A Biomass Energy Power Plant is coming to Coalfields Industrial Park in Perry County. The Kentucky Public Service Commission (PSC) has approved a 20 year contract that will allow Kentucky Power Company to buy electricity generated by the plant.
If you haven't heard of Biomass energy before, get ready. It’s scheduled to be part of what powers eastern Kentucky, if all goes to plan.
“What the PSC approved today was contract between Kentucky Power Company and a company called ecoPower, which is proposing to build a Biomass-fueled electric generating facility outside of hazard,” said Andrew Melnykovych of PSC.
It’s the first plant to receive approval under recent legislation allowing the PSC. to prioritize other factors besides monetary costs to consumers.
“The General Assembly directed the PSC. to look at other factors such as economic impact,” Melnykovych said.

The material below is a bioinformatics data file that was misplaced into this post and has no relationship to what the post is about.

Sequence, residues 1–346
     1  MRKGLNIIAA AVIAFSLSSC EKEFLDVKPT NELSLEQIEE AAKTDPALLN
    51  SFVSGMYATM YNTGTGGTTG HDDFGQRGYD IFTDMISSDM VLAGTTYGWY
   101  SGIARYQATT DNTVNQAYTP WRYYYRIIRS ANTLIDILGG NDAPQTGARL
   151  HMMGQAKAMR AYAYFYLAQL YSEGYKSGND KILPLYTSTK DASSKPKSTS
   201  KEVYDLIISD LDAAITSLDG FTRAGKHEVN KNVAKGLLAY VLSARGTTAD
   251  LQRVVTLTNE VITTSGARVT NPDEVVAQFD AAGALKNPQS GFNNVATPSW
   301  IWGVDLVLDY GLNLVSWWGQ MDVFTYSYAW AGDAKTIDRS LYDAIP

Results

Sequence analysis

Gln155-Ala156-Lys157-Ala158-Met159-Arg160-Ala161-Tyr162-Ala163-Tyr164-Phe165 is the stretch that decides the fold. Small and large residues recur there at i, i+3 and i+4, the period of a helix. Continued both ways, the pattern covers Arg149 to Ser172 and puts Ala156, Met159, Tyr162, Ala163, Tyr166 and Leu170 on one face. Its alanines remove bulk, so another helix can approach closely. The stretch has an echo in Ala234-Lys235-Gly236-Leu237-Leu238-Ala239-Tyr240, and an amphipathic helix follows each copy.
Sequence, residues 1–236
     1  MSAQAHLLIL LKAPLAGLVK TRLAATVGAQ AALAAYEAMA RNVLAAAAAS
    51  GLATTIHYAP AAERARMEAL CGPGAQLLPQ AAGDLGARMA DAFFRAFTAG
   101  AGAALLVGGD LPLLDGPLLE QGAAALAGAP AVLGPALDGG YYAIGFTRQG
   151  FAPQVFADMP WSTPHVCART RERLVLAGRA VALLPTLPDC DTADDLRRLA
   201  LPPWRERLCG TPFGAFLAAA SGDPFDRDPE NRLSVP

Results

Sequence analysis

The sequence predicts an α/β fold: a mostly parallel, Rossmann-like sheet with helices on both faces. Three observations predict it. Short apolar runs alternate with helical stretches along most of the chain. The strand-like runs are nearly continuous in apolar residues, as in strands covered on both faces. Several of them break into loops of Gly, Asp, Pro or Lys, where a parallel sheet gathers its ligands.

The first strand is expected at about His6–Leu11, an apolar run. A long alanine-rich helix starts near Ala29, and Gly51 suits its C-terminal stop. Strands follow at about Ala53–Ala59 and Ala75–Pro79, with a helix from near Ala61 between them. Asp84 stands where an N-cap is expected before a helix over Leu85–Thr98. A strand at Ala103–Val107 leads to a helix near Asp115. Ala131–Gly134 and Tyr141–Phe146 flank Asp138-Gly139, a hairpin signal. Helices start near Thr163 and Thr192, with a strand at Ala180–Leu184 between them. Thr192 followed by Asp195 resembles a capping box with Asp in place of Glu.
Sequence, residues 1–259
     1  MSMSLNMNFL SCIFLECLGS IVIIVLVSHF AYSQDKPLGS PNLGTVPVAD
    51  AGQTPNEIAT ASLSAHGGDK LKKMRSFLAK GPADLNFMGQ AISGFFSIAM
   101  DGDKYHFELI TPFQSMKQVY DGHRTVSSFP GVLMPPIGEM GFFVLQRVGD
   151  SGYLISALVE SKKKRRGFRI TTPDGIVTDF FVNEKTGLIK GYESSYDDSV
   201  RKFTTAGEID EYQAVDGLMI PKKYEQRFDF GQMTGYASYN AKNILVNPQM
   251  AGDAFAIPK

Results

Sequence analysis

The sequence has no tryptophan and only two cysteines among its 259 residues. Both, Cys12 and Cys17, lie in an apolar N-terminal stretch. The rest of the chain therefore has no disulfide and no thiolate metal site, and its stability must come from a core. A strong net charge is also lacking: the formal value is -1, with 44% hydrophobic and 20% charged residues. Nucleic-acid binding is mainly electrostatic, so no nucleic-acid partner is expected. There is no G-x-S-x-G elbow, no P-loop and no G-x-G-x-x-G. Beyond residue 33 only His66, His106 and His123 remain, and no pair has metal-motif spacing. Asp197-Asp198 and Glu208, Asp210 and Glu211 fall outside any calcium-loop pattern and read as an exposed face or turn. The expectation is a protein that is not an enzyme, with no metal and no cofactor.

That projected economic impact according to PSC’s. news release includes 230 new jobs stemming from the Power Plant’s construction, as well as others after it’s completed, however, it comes at a cost of nearly a six percent increase on the bills of Kentucky Power customers in during its first operational year.
Perry County Judge-Executive Denny Ray Noble says he opposes this contract moving forward not only due to its monetary cost, but the underlying principle as well.
“I don't think our people can afford it - poor class people. We shouldn't have to pay for jobs to come to eastern Kentucky, we've got a good work force,” Noble said.
The prospect of a nearly six percent increase for consumer power bills may not sit well with many people, but officials at Kentucky power urge folks to remember these changes are not going to happen overnight, and possibly not at all.
“It's not an immediate impact. It would be a few years down the road at the earliest and that's assuming the Plant does come to fruition, [and that] the people that plan to build and operate the plant actually produce electricity,” said Ronn Robinson of the Kentucky Power Company.
The plant is scheduled to go into operation in 2017. Judge-Executive Noble says he urges anyone with concerns about this issue to contact representatives in Frankfort.